This whip holder is at the entrance to the indoor arena where I board Tonka. There’s nothing unusual in this. In my sport of dressage, a rider carries a whip.
We’re taught that if the horse ignores the leg aids (a squeeze, perhaps a jab or a kick) that the next step is to flick the whip across the flank. We’re told that if the horse is lazy, that a whip will wake him up.
A whip can be a cue. Some riders have weak legs. Some riders are so sloppy that a horse can’t possibly figure out what those swinging limbs are telling them to do. A tap is precise and clear. Tap. Go forward. Used in that way, it doesn’t seem like such a bad thing. It isn’t.
However, it’s rarely a tap. The problem with teaching a horse to go forward from the whip is that it’s not taught as a cue – if you move on after you feel this you get a reward. Rather, it’s taught as a threat. Get going and if you don’t, you’ll get hit harder. The problem inherent in this system is that if the horse doesn’t respond to a little tap the only option is to escalate. Tap again. Tap harder. What if he doesn’t respond to that? You whack. It’s no longer a cue. It’s no longer gentle pressure. It’s punishment. It’s a slippery slope that too many riders go down. Thirty-five years ago, I watched my riding instructor get so furious at a horse that he whipped it until he raised welts across that mare’s back. Although I lived in the same staff house with this man for the rest of that summer, I never spoke to him again.
But, I still rode with a whip. I carried a whip while riding many horses, over many years, and I can tell you that it is rewarding for the rider. When you use a crop, the horse, which had been moving sluggishly, surges ahead. This makes you feel successful, but what of the horse? Does the horse enjoy that moment of forward movement? In dressage, we talk about dancing with our horses. If I were dancing with a man, would I dance with him if he hit me? Of course not, and yet we accept this when dancing with our equine partners. My training perspective has changed. I’ve learned that there are other ways to get behavior, ways that are mutually enjoyable for all of the parties involved. It’s a perspective that I learned through clicker training and that I’m now applying it to my work with horses.
But I’m not throwing out everything. What makes riding different from training other animals is that you are sitting on the horse. Body to body contact. It’s complex and nuanced, and that to me is one of the great joys of riding. It’s like this: I feel him swivel his head as we walk through the woods. I know that deer is there before I see it. He feels me change my position an iota, a clue that we’re about to go faster. At a show he sees a flowerpot that scares him. I take a deep breath and he relaxes. As a girl who dreamed of being Dr. Doolittle and talking to the animals, riding is as close as I can get.
Using clicker training techniques, I could train my horse to turn left on a cue – perhaps a word or a touch on the left shoulder with a finger – but I wouldn’t want to. I want to continue to communicate in that complicated, yet hopefully subtle way, from the saddle. For example, when I want to turn to my left, I look that direction, my head moves, my spine rotates, the weight goes down into my left sitting bone, and through to the sole of my boot and into the stirrup. My left leg becomes the support pole that Tonka pivots around. He goes left. It’s not aversive. We’re simply listening to each other’s bodies. The horse remains relaxed and willing.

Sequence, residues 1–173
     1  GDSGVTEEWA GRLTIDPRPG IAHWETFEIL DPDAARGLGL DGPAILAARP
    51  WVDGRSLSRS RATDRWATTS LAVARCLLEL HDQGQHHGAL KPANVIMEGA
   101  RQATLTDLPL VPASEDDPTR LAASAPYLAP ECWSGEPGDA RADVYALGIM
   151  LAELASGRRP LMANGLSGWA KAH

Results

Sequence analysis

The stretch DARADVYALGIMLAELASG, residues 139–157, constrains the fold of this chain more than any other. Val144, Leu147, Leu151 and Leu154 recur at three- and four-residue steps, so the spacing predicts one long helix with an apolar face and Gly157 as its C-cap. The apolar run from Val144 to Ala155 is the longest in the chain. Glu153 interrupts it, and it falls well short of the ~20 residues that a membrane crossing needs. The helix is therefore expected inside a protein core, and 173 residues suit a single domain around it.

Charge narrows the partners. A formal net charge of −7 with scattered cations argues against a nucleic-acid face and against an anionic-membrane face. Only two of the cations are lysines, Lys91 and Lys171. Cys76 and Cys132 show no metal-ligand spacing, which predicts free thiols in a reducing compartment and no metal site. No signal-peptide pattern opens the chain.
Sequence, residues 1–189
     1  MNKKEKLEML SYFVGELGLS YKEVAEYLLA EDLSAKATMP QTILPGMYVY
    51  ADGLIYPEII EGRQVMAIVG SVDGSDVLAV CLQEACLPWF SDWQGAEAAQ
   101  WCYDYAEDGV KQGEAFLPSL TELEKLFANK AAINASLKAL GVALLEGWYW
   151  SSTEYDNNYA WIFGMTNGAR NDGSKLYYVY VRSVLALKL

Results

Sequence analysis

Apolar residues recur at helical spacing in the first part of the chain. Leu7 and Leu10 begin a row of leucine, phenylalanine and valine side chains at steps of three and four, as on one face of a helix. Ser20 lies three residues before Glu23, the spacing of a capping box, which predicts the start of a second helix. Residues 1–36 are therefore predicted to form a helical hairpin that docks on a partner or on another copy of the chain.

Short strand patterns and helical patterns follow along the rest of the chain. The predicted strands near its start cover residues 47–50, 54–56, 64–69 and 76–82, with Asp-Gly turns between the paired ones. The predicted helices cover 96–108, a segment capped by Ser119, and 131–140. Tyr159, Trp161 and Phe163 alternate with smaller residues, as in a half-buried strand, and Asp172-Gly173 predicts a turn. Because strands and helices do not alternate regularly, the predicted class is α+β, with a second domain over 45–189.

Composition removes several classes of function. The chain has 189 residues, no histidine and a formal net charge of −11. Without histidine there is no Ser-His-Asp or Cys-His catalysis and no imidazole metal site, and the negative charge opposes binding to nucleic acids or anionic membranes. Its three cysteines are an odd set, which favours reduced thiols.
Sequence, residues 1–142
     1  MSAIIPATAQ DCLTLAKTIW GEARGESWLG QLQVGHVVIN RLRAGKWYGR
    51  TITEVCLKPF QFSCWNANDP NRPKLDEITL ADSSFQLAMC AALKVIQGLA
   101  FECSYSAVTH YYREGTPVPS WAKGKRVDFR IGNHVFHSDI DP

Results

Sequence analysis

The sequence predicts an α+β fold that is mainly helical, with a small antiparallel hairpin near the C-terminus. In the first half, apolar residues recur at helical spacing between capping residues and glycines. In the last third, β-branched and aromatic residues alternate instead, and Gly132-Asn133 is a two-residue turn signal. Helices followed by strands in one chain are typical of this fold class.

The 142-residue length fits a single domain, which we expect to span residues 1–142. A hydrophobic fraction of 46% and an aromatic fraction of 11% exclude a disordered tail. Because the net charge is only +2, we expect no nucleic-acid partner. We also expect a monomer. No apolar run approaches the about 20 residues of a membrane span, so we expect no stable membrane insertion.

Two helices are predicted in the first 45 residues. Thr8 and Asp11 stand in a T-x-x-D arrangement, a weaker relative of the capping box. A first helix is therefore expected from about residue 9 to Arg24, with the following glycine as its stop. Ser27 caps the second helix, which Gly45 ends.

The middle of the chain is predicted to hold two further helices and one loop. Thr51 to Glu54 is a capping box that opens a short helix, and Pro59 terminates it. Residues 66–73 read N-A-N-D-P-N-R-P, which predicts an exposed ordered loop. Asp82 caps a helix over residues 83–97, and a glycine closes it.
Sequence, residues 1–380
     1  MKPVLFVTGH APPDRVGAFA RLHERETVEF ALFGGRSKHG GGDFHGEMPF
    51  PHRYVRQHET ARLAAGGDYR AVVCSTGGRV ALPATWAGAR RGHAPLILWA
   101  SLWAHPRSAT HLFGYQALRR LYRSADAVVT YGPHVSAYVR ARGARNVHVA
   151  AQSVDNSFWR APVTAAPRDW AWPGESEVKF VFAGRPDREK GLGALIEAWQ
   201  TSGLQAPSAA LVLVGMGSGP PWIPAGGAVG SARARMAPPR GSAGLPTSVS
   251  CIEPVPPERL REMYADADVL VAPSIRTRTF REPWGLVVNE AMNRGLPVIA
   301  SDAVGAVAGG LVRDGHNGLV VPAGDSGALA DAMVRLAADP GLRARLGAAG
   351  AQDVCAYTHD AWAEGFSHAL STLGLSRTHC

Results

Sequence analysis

Tonka turns to the left in response to my legs.
Add the reins, and we can talk to each other with more finesse. With very small changes in my contact, I can ask for more balance, for a change in rhythm, for a lifting of a shoulder. What I’m talking about takes athleticism and skill. When I first learned dressage, my instructor had me close my eyes and tell her which hoof was hitting the ground. Was the horse breathing in or out? Tune in like that to your horse, and the horse tunes into you. The communication can become instantaneous and magical. I’ve asked a horse to go from a halt to a canter by shifting one sitting bone. It works.
A relaxed, but engaged warm-up trot.
That finesse, though, is hard to come by, and we riders get demanding and impatient, and we end up resorting to pressure (or worse) and then release, and we feel okay about it because we’re told that the release is a reward. Sometimes it is. But how rewarding can it be to the horse to have the same person who has hit him, say “good boy” and – maybe – allow him to take a breather? Not only does punishment has many fallouts (another post!) but this sort of training is not particularly effective. There is a better way. Go ahead and ride using your body, legs, seat and hands, but while you do, pay attention to the good strides and reward them immediately and with clarity. I’ll talk about rewards and how to use them when riding in upcoming posts.
You can put away the whip. Isn’t that a relief?